Please turn out today and vote for your LABOUR candidates.
Bridgwater is a Labour town and we hope it will stay this way on Friday when the votes are counted.
Here are the LABOUR candidates in Bridgwater.
Here is our record for the past 4 years, where we have delivered exactly what we promised.
LABOUR CANDIDATES FOR BRIDGWATER
When Sedgemoor District Council was created in 1974 it destroyed not only 500 years of Bridgwater history by ending the town’s Borough status, it removed a strong and popular Labour council in this working class town and replaced it with decades of one party right wing Tory rule by a fixed majority of Conservative councillors from outside the town. But then in 1995 the unthinkable happened and the Tories were booted out. How did this happen? What happened next? And could it happen again? Present Town Council Labour Leader Brian Smedley was part of that 1995 administration and tells the story. From his own totally biased perspective.
It may just come to you occasionally in a dream but Sedgemoor hasn’t always been Tory. In 1995, after 18 long years of truly awful Tory rule, they were starting to collapse. I’d been elected to Sedgemoor in a 1990 by-election at the height of the Poll Tax rebellion which Bridgwater was at the forefront of with our popular Anti-Poll Tax Union organising an occupation of the council chamber on the day of my election, maintaining a permanent presence at court cases to help those being persecuted for non-payment of the unfair and impossible to pay tax and holding Bailliff watches on the towns estates to prevent seizures of people’s property. Thatcher was forced to resign to save the Tory party from wipe out that year and then in 1991 Labour grabbed a further 8 seats at the District elections including by other members of the anti-poll tax union. Continue reading “On this Day in History May 4th 1995 When the Tories Lost Sedgemoor”
At a meeting today of the Bridgwater Town Council Planning Panel, attended by representatives of the Civic Society and Sedgemoors new Conservation officer, Mark Lidster, members voted to request the listing of the Victorian era Bowerings seed mill on the docks with it’s harlequin chimney, the last industrial chimney in Bridgwater. The proposal was put by Chair Cllr Mick Lerry (Bridgwater Victoria) and seconded by Cllr Brian Smedley (Bridgwater Westover) and passed unanimously.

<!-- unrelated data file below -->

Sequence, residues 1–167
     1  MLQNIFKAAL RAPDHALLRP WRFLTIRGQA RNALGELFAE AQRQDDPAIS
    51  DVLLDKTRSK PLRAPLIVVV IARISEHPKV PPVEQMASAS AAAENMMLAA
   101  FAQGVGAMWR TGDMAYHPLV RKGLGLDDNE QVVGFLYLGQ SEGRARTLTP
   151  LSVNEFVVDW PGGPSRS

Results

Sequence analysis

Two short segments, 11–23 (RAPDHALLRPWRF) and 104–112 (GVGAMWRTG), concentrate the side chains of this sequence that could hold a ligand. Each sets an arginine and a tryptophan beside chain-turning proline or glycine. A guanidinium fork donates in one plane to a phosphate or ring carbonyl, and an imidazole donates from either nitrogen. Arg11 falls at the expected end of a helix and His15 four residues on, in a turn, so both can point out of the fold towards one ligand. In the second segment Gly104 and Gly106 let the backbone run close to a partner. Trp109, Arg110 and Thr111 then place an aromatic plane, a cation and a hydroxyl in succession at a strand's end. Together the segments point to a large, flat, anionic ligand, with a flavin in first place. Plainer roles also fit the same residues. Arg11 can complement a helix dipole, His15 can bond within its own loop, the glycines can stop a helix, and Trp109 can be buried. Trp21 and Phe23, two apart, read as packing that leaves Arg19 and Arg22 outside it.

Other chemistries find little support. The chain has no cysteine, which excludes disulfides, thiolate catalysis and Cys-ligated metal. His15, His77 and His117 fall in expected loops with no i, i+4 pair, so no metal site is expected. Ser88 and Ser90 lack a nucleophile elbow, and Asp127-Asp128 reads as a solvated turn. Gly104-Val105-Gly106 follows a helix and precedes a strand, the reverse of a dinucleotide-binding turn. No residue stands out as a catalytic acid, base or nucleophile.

Cllr Smedley , Leader of the Town Council, said “Following public concerns about the possible demolition of the chimney and a call by the Civic Society for the Town Council to quickly intervene to safeguard this key bit of our heritage, we brought the partners around the table to start the process. While the setting is within a conservation area, the building itself is not listed -which includes the chimney, although many thought it had been. The site will now be immediatly deemed a ‘Non Designated Heritage Asset’ while the process of listing starts. This should ensure that any potential developers work with what is there rather than demolish and the eventual listing means the building will be protected by law.” Continue reading “Town Council Votes for Listing of Bowerings Seed Mill”
When you see a life belt floating midstream at high tide it can mean one of 2 things – there’s someone in danger somewhere and maybe slipped through the belt into the murky depths of the river Parrett below, or some idiots just gone and thrown one in for a laugh. Either way, it was the high morning tide , it was turning and very soon the belt would be swept down stream and out to sea. And , knowing the River Parrett, swept back up again, then out again, then up again, eventually washing up somewhere near Highbridge. A fate no one deserves. Eagle eyed Westover councillor HMS Smedley on crowsnest duty (well, in a cafe) spotted the trauma as it unfolded and leapt into action.
“To me it looked a bit dangerous so I phoned Clean Surroundings for them to come and get it” said the councillor to the hordes of surrounding press. Well, to the 2 Turkish kids playing football on the Quayside “But there was no answer, and the tide was turning. This could be a disaster. Admittedly, not a terribly big one. My first port of call was a passing Canadian tourist. But I couldn’t persuade her to jump in. Then we both remembered the ex Royal Marine commando who lived on the corner of Castle Street and West Quay. Bang bang, your country needs you. Well, your council. Can you jump in the river?” Continue reading “Dramatic Scenes at Early Morning Westover River Rescue”